Chapter 32: The history of the Tonto Apaches
When the Army commanders decided an outpost in Green Valley would stretch their supply line too far, they established the post on Reno Wash as a more permanent location.
The Army's cattle herd was moved to Camp Reno and immediately Del-che-ae led 150 warriors on a raid, only a few of whom were mounted. The herd was stampeded during a hand-to-hand skirmish between Indians and herders, but Del-che-ae's group was routed as soon as the alerted cavalry troops arrived. Three Indians were killed, eight wounded, and the brother of Del-che-ae was taken prisoner.hat happened next was reported by Reno in the June 13, 1868, Arizona Miner.
"(On May 24th) the chief's brother, who was one of our prisoners and the best-looking Indian in the tribe, attempted to make his escape and was shot dead by the guard.he remainder of the prisoners are rather inclined to remain.hief Del-che-ae's brother was named ‘Rising Sun' and was thought more of by the tribe than any other Indian.e had been cautioned against trying to escape, but said he was bound to go and, if killed, his bones would neither make silver nor gold.o the ‘Rising Sun' of the tribe is set."
If ever Del-che-ae resolved for an all-out war with the white invaders, it was now.uring the rest of 1868, Del-che-ae's band was being blamed for attacks on wagon trains from Tucson to LaPaz, far more activity than would have been humanly possible for his single group.owever, Del-che-ae's warriors did attack the mail trains plying between McDowell and Reno. These were usually small military detachments, vulnerable as they rode along the steep mountain sides and deep ravines of the Reno Road. Apaches were after the Army mules, which they relished for food, andurthermore the mail trains often carried the soldier's pay.hile the greenbacks were worthless to the Indians, confiscating the money created hardship and morale problems for their enemy.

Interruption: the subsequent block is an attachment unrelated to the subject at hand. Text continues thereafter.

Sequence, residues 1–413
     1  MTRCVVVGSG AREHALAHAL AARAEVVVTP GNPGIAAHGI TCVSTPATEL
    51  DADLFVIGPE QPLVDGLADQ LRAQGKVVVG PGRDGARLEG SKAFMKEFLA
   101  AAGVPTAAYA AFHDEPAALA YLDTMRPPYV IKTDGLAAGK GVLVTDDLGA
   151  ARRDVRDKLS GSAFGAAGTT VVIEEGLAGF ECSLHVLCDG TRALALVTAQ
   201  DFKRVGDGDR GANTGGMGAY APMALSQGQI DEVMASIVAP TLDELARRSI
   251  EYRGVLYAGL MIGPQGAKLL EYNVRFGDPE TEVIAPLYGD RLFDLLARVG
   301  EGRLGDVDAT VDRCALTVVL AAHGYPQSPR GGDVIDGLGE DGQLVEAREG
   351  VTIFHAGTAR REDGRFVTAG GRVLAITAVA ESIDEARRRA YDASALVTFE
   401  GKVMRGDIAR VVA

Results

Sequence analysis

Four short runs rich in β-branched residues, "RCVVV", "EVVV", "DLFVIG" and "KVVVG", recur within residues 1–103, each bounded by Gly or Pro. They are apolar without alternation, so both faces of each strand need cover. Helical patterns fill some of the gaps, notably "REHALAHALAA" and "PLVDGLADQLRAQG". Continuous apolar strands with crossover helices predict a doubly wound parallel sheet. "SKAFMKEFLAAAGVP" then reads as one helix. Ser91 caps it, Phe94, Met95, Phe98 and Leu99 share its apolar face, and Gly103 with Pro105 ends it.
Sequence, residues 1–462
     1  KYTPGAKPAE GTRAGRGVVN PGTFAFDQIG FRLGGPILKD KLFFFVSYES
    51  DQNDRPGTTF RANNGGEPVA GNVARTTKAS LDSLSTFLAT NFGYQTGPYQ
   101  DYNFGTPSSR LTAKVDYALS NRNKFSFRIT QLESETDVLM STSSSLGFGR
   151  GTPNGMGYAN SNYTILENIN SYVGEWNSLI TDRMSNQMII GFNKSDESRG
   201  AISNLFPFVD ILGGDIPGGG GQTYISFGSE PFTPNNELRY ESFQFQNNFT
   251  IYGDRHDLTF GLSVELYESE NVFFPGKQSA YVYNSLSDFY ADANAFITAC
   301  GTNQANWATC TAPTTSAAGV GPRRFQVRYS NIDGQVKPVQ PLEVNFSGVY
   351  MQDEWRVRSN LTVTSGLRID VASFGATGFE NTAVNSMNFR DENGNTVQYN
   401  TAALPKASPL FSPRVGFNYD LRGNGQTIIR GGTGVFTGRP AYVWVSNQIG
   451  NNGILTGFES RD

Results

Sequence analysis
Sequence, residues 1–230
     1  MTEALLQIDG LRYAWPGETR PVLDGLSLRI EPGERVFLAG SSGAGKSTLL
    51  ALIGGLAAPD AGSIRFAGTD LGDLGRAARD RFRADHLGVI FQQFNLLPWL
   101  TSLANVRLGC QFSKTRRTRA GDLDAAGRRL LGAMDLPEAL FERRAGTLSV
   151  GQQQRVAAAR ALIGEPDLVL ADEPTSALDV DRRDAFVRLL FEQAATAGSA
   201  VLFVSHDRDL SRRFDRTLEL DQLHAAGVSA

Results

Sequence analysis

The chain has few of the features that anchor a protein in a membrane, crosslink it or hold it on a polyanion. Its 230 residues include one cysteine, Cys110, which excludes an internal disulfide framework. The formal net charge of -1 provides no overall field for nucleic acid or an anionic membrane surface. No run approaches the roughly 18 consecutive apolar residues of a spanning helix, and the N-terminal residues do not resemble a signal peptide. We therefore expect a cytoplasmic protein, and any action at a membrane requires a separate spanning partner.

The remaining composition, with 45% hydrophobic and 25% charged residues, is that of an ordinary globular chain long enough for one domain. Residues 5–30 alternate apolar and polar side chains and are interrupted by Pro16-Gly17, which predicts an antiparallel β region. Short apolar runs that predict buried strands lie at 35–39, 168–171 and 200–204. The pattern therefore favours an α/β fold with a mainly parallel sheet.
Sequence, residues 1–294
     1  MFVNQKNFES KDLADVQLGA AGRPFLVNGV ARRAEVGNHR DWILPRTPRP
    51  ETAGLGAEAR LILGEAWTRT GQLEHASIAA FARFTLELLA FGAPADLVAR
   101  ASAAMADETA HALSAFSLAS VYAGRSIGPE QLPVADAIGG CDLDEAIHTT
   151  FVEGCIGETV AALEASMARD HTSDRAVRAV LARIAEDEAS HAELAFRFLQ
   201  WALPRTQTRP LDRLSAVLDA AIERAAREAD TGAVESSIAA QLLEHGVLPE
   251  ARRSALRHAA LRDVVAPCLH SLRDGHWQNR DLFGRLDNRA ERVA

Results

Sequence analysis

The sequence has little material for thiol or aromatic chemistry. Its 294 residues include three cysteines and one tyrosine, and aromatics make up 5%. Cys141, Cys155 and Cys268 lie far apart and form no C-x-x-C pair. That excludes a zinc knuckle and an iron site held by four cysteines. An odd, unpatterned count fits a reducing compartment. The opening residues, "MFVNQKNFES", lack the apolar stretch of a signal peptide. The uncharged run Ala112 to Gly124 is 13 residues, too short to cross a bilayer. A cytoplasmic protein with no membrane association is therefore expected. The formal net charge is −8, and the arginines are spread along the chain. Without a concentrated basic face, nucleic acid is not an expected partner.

An especially bloody raid on the mail party occurred the middle of June, at Toddy Mountain, along the Reno Road. Today the location is called Black Mountain. The remains of four soldiers were taken to the post cemetery at Camp McDowell for burial. During this period, the defending Army killed dozens of the Tonto warriors.
The supply line to McDowell was too extended to support very many troops.s the summer wore on, the garrison got down to as few as 23, an officer being rotated with the troops every 30 days. Perhaps the low number of soldiers encouraged a number of peaceful Apaches from other Tonto, Pinal and Yavapai families to settle near Camp Reno. They worked crops along the Tonto Creek bottomland and sold hay to the post, cut from the abundant grasses.t was difficult for the soldiers to know, at any given moment, who were the peaceful Indians and who were enemies. Individuals came and went, keeping the Army guessing.
The berry harvest was plentiful along the streams in the summer of 1868, and proved some small relief to the hungry Tontos, who still held out in the mountains. Desperate for meat, they continued attacks against the Army livestock during July.arly in the month, Del-che-ae's band descended upon a government herd en route to Camp Reno, and made off with a dozen of the animals.he cavalry pursued them into the Sierra Ancha, where the trail of the animals was lost. The soldiers did come upon a camp of 70 or 80 Tontos, who with the first shot, escaped in all directions. Later that month, Del-che-ae's warriors teamed up with those of Escavotil (Pinal Apache) and Wah-poo-eta (Yavapai) to attack the herd again at Camp Reno.he almost-200 warriors were driven off by 20 soldiers from McDowell who were arriving to take up positions at the outpost.
On July 20th, a major thunderstorm hit the post, and during its hour-long duration, the Indian prisoners escaped from the newly constructed stockade.en days later, the Tontos went after the herd again, but soldiers drove the livestock into the stockade, before any were stolen.unger continued to gnaw at the morale of the Tontos, and while they grew more desperate in their raids, many wanted to compromise with the white man. The Cherry Creek band of Tontos led by chief Osh-kol-te came into Camp Reno making peace signs, but the officer in charge rebuffed them.
On the evening of Nov. 30, 1868, a meteorite shot across the Tonto Basin in a golden shower and crashed over the horizon with a rumbling like thunder and a shockwave like a small earthquake.he night lit up as day.he soldiers wondered if this had been a sign for change to the Tontos, because during the next several months, a strange peace descended over the Rim Country.owever, this may have been due, less to the heavenly sign, than to the fact that Del-che-ae was busy obtaining a supply of guns and ammunition from the Navajos and the Hopis in the north.
Next week: Peace for food